The Association for Psychological Science (APS) held its 27th annual convention in New York, May 21-24. Hundreds of presentations offered the latest insights moving psychological science forward. APS, and conferences like it, are a great way to connect researchers across different points of view within psychology. But the vision for connection across traditional boundaries took on a larger scope than ever.
Cross-posted on the Media Impact Project’s blog The Fray.
Over the last twenty years, the number of documentary films produced annually has grown exponentially. According to Numbers.com, a site that tracks the US box office revenue and movie sales, documentary films account for 14 percent of all films released between 1995 and 2015, placing it as the third most widely produced genre. Those numbers don’t account for the fact that docs are commonly distributed via broadcast television, cable networks and, more recently, online meaning the actual number films released is likely much higher.
Tribeca Film Festival isn’t the first place you’d expect to find an art installation that plays with sensory deprivation, virtual reality, and biometrics, but that’s exactly where the UK-based creative agency Anagram chose for the Stateside debut of their immersive documentary experience, Door into the Dark. Those participating were asked to “replace the visual with the sensual” by blindfolding themselves, donning heart-rate monitors and headphones that would provide narration as they moved through an unfamiliar, staged environment. HI joined forces with Tribeca and Anagram to analyze the biometric data collected from participants throughout their avant-garde narrative experience.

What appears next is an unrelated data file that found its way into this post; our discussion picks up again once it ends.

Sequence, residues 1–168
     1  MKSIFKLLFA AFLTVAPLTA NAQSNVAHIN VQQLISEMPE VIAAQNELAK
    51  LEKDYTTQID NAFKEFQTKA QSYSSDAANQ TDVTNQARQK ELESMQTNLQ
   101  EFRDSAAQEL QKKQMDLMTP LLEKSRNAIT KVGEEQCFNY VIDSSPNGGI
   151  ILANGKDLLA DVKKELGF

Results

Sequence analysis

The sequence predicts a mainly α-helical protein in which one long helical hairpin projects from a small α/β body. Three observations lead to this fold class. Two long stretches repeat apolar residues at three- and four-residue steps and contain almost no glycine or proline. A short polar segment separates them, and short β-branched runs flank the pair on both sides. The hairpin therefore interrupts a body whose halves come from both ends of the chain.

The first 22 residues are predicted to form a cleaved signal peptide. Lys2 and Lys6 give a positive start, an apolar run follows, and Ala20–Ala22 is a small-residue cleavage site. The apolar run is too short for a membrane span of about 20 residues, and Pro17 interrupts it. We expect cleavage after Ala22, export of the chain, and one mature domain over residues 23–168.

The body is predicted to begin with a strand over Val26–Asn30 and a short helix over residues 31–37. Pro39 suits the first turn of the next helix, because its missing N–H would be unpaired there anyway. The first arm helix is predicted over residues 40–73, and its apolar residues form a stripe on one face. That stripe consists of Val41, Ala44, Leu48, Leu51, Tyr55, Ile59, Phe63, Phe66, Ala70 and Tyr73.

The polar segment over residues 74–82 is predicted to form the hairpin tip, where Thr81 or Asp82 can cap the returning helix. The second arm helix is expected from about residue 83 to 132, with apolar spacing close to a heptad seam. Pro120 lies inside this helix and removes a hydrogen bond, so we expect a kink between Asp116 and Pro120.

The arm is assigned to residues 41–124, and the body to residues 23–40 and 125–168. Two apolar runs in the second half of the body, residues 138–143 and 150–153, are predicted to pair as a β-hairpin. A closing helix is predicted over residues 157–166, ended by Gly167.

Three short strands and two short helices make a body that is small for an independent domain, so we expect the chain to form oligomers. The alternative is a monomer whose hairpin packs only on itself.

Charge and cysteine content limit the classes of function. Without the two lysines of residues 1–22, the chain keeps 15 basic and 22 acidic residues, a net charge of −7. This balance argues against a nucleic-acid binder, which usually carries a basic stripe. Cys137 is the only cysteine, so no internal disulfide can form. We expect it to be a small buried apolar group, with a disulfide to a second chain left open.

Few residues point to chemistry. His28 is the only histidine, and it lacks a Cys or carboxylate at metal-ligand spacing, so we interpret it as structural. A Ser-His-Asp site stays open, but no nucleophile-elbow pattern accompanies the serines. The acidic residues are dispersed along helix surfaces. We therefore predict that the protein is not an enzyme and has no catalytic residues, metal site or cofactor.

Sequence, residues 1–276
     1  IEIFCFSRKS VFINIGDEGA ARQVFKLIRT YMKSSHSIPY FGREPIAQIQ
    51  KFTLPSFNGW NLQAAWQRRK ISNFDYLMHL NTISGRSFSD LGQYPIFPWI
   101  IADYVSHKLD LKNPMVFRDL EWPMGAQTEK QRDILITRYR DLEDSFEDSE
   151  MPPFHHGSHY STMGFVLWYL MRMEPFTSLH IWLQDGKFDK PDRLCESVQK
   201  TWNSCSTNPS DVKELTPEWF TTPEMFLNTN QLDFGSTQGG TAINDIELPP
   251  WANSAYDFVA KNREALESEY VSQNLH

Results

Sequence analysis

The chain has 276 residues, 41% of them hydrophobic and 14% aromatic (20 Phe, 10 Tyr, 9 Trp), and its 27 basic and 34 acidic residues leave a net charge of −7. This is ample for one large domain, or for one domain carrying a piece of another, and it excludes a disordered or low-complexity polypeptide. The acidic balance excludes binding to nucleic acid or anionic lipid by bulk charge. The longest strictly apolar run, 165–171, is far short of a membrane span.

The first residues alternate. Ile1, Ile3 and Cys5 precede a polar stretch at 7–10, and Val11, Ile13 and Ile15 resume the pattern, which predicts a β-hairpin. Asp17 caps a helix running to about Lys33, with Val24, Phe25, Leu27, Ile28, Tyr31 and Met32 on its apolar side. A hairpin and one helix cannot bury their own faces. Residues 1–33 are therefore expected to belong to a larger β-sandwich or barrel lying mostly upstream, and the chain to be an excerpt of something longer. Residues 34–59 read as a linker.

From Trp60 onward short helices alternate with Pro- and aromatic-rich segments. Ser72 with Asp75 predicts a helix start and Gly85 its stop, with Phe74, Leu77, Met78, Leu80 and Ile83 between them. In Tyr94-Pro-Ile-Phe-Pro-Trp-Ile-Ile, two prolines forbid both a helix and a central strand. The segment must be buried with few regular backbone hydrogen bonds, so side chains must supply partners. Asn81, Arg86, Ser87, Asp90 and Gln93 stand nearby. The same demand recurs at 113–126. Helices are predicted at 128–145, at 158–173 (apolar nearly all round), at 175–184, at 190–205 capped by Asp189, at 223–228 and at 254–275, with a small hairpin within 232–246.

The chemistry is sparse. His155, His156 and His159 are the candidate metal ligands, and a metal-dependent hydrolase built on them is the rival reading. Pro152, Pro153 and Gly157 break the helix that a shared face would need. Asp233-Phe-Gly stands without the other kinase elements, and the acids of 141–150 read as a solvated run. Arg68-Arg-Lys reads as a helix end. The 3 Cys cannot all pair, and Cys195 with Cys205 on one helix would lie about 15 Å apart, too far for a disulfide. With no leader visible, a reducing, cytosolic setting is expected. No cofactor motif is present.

In this post, our Director of Design and Technology Clint Beharry and in-house designer Sher Chew chat about their experience creating meaningful visualizations from the biometric data provided by Door into the Dark participants.